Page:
Is Child Wellbeing Better in More Equal Rich Countries?

“I made this image in Hickman Park in the post-industrial town of Bilston in the West Midlands. The park itself was built in honour of a local businessman and politician who played a huge part in making the town one of the engine rooms of the Industrial Revolution. It made me think of legacy and future generations.” The well-being and behaviour of young people get a lot of attention in the media, with a constant stream of reports on youth violence, drunkenness, antisocial behaviour, obesity, self harm, and teenage sex. A recent UNICEF report, which put together 40 indicators of child well-being in rich countries, concluded that while children in Britain fared less well than in any other country, those in the United States hardly did better.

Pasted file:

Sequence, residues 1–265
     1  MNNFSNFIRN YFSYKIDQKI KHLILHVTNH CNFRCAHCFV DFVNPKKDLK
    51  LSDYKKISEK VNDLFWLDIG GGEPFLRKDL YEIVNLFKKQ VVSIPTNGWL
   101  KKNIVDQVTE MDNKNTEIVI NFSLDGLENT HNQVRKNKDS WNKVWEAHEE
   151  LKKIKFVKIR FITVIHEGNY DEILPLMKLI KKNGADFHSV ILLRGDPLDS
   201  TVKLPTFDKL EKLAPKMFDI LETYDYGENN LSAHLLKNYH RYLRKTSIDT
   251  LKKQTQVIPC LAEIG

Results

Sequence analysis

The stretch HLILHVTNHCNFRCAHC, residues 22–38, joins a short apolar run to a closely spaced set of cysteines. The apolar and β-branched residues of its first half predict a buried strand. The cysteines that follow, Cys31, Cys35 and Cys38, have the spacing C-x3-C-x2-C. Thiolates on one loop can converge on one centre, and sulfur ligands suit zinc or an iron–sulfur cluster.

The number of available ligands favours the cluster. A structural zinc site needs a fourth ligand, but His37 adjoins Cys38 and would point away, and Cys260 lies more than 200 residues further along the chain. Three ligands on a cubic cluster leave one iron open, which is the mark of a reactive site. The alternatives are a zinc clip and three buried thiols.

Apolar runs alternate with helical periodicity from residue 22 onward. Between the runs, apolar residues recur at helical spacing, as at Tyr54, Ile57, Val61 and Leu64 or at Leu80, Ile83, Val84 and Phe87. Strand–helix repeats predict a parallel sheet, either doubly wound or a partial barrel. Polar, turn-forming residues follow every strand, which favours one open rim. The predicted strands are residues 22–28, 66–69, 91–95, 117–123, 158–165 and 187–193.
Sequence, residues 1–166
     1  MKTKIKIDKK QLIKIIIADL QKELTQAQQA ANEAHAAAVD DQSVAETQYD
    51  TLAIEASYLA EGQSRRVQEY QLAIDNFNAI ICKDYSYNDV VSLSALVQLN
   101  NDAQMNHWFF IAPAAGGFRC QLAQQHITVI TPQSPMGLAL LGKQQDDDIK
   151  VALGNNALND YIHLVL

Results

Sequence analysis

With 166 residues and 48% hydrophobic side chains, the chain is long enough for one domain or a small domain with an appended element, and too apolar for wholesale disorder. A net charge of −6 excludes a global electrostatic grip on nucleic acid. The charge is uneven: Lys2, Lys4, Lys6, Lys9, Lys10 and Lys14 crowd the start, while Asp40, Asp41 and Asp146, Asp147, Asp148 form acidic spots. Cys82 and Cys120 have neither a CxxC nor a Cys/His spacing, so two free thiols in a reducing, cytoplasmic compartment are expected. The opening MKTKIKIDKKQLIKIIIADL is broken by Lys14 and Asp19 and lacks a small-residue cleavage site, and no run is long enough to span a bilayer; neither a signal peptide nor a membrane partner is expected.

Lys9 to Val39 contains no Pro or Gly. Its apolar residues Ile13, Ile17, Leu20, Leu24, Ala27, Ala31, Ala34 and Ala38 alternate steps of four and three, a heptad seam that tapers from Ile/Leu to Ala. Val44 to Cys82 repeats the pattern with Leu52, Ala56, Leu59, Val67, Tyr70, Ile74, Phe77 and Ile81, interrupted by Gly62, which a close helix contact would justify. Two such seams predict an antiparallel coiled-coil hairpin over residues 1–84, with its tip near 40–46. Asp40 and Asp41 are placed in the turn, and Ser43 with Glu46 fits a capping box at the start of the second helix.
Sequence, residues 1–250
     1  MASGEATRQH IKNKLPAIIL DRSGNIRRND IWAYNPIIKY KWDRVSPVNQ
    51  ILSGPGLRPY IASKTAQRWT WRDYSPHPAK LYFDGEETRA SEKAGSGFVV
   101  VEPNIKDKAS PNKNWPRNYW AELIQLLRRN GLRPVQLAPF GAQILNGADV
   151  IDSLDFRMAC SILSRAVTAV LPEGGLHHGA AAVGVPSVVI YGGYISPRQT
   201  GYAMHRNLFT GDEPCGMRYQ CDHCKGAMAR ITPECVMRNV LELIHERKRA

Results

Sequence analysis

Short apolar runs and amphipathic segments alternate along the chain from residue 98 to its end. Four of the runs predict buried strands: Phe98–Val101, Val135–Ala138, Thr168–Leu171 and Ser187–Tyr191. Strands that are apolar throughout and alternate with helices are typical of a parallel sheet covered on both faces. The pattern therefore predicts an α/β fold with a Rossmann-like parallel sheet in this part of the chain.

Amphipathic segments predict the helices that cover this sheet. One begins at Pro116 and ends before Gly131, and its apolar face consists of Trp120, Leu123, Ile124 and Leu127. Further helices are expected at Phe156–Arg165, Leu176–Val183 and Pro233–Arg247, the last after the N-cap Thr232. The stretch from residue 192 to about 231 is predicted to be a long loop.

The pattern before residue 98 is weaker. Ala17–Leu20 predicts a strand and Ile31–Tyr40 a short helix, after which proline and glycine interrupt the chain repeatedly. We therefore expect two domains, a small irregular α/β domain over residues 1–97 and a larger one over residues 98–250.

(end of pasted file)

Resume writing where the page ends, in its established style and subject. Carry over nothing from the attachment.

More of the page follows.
The UNICEF index measured six different aspects of child well-being. Material well-being included such things as living in a home with few books, or where no adult was employed. Health and safety included items like immunization rates and deaths from accidents. Educational well-being included scores on performance tests and the proportion of children going into further education. Peer and family relationships were measured by such things as whether or not children viewed their peers as kind, and the numbers of children living in single parent and step-parent families. Behaviours and risks included smoking and drinking, how many children had sex by age 15, etc. Subjective well-being included self-rated health and other measures of how children felt about themselves. Better child well-being will come not from more accumulation of individual wealth but instead from better relationships within families and communities.